SAN FRANCISCO (Reuters) - A prominent Washington activist is calling on Republican lawmakers in California to stick to an anti-tax pledge, a risk to a special election for raising revenue that Governor Jerry Brown is widely expected to ask the legislature to support.
The pressure came in the form of a letter sent on Thursday by Grover Norquist, head of Americans for Tax Reform, a heavyweight conservative advocacy group. In it he told Republicans that “Voting to send tax increases to the ballot would violate the Taxpayer Protection Pledge, a written commitment that you made to your constituents to ‘oppose any and all efforts to raise taxes’.”
“I urge you to stand up for California taxpayers by opposing Governor Brown’s efforts to refer higher taxes to the ballot, and in doing so, uphold your central campaign commitment to oppose any and all efforts to raise taxes in the already over-taxed Golden State,” Norquist added.
Patrick Gleason, state affairs director at Americans for Tax Reform, said the letter marks the start of a broader campaign against efforts to raise taxes in California.
“This is the opening salvo,” Gleason said.
Brown, a Democrat, would need votes from Republicans in the legislature’s minority to be able to put a tax measure to a statewide vote. Brown spokesman Even Westrup declined to comment on Norquist’s letter, noting the governor’s initial budget plan is tentatively slated to be released on Monday.
“It’s premature to get into those issues,” Westrup said.
Brown, sworn in this week, faces a state budget gap as big as $28 billion through mid-2012. Now in his third term after two terms in the 1970s and 1980s, he has signaled spending cuts in his plan to balance the state’s books.
The 72-year-old governor has also suggested he may ask the Democrat-led legislature to support a special election in coming months to put the question of tax increases to voters.
Brown has not discussed details of a potential ballot measure. Analysts expect the governor to propose extending temporary tax increases expiring this year. That could raise about $10 billion so Brown and lawmakers would face fewer difficult choices about spending cuts.
RESTORE VOTERS’ CONFIDENCE
Democratic lawmakers would back tax increases after agreeing to deep cuts under former Republican Governor Arnold Schwarzenegger to close massive budget gaps opened by slumping revenue.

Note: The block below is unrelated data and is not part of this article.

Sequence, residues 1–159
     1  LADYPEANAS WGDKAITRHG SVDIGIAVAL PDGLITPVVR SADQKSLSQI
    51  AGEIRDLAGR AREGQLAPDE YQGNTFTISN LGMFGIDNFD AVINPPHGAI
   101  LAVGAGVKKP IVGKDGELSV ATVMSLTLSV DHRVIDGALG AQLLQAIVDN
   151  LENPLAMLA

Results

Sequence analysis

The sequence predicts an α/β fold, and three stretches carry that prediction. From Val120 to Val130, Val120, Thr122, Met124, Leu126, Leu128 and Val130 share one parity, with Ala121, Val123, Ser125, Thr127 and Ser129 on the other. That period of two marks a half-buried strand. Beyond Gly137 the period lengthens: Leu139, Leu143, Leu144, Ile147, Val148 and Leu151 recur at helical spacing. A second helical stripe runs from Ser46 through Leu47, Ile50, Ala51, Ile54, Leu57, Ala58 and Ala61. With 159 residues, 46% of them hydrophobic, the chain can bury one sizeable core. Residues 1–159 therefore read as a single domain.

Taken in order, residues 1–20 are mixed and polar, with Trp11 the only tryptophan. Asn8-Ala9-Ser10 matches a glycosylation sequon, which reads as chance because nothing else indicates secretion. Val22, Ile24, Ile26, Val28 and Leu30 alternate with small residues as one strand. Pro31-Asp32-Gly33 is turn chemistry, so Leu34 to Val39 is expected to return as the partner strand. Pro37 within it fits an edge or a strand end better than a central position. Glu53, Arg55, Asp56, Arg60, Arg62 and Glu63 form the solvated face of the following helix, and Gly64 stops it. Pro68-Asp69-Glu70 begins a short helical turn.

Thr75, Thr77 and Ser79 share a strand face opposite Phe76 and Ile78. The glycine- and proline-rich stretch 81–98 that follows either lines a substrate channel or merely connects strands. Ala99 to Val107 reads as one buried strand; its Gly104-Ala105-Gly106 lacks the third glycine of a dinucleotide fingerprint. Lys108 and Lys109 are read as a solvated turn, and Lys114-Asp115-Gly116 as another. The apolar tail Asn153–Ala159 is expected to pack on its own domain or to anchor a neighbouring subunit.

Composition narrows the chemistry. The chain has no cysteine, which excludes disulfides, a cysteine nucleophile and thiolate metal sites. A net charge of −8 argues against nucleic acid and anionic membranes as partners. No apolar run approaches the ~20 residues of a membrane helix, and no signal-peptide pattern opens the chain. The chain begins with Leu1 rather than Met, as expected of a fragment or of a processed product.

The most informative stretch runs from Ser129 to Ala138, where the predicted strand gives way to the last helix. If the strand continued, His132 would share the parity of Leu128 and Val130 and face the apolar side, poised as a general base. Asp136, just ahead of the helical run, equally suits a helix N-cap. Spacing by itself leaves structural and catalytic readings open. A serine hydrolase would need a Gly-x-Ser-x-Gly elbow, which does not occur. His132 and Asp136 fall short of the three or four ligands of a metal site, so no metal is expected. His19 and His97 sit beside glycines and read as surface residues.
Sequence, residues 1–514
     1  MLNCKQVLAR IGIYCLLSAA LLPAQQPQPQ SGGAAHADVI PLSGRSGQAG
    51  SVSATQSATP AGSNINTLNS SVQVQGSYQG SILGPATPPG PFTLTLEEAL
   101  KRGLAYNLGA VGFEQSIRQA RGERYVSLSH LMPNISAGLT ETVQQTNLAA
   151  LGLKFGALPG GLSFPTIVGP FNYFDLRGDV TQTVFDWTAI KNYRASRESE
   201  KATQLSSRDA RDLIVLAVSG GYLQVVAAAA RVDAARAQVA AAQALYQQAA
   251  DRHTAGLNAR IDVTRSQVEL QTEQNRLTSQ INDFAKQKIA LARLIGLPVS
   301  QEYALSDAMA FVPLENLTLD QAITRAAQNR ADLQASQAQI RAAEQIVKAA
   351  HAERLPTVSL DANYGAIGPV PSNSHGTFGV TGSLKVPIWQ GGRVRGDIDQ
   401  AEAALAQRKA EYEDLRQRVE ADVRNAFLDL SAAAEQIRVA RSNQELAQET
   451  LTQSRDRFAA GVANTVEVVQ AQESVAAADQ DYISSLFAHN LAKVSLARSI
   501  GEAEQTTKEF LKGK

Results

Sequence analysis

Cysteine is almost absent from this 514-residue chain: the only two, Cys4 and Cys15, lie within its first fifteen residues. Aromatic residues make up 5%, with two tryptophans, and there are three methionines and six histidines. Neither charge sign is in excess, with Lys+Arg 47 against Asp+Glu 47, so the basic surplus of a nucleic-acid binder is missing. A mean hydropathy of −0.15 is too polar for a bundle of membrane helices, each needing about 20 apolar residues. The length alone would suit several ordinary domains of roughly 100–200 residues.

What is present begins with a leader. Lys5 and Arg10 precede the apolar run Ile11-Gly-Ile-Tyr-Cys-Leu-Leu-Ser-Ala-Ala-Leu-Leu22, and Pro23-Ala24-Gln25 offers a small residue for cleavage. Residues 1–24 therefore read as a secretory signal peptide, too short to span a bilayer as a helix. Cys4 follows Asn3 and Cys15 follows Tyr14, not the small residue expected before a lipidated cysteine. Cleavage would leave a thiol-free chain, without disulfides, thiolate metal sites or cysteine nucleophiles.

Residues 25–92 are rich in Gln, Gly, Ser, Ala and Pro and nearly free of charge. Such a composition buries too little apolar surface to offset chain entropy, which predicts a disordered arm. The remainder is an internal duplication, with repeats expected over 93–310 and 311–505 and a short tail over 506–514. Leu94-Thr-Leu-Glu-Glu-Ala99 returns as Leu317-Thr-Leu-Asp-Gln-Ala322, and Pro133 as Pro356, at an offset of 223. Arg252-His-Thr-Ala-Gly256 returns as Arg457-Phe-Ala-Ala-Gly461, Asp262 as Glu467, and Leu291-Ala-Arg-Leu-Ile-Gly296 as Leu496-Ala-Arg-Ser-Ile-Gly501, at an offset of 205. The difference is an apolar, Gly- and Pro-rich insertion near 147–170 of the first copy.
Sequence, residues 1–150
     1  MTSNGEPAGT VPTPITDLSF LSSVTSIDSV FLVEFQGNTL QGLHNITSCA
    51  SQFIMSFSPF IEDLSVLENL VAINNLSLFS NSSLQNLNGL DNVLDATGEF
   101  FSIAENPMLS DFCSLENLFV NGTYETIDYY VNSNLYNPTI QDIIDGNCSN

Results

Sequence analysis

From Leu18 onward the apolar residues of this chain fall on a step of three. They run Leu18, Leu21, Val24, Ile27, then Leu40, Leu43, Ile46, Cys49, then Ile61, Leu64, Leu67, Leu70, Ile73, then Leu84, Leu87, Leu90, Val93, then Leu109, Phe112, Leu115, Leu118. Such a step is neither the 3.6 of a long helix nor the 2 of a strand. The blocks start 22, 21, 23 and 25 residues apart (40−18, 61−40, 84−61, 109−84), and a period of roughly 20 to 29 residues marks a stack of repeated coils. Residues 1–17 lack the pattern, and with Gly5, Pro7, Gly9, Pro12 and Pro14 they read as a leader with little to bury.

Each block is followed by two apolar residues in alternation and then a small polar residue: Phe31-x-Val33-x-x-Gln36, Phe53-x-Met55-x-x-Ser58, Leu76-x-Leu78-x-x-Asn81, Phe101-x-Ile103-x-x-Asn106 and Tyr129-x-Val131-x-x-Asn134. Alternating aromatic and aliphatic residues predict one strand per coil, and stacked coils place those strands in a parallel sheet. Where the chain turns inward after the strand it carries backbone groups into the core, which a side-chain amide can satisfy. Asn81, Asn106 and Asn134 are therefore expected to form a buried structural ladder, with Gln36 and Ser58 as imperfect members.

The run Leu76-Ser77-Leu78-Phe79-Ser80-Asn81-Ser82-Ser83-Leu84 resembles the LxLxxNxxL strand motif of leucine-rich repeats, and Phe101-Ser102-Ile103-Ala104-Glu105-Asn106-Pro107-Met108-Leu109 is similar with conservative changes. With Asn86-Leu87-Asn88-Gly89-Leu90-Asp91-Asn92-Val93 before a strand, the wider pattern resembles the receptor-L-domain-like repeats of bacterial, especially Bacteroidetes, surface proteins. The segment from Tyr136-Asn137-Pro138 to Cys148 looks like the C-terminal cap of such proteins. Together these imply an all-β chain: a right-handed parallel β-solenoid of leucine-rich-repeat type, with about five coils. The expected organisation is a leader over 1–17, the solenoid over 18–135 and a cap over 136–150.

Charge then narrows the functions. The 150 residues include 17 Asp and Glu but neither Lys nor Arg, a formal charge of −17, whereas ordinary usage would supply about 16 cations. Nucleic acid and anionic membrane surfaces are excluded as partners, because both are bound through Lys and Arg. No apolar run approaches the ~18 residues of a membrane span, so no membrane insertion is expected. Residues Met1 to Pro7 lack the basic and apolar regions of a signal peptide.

By contrast, Republicans have long held the fiscal problems of the most populous U.S. state’s government are rooted in its spending. GOP lawmakers who have voted for tax increases in recent years have found themselves shunned or pushed aside by fellow Republicans in the state’s Assembly members and Senate.
Bob Dutton, the state Senate Republican minority leader, told Reuters he had not yet seen Norquist’s letter, adding that “I don’t respond well to threats.”
“I think for the most part he’s on auto-pilot,” Dutton said, noting Republicans already have against strong arguments against a special election.
First, voters last year rejected a tax measure and, second, they are not convinced state officials can manage existing state funds wisely, Dutton said: “If you’re going to go to the people with anything, you’d better restore their confidence ... They don’t trust us.”
The finances of California’s government have fallen on hard times in recent years because of the housing slump, recession, imploding financial markets and sharp pull-back in consumer spending. The state jobless rate is over 12 percent and economists see it stuck in double-digits for a few more years.
Schwarzenegger and lawmakers in October agreed to a state general fund of $86.6 billion, down more than 15 percent from three years ago. That spending plan failed to hold and within weeks sprouted a $6 billion shortfall.
Brown must close that gap and an expected $25 billion deficit for the fiscal year beginning in July. Tax moves in Washington could add another $3 billion to next year’s gap.
California’s ongoing fiscal troubles are weighing on its already low credit rating. The state is the biggest issuer of U.S. municipal debt and shares with Illinois Moody’s Investor Service’s lowest state general obligation credit rating of A1.
Editing by James Dalgleish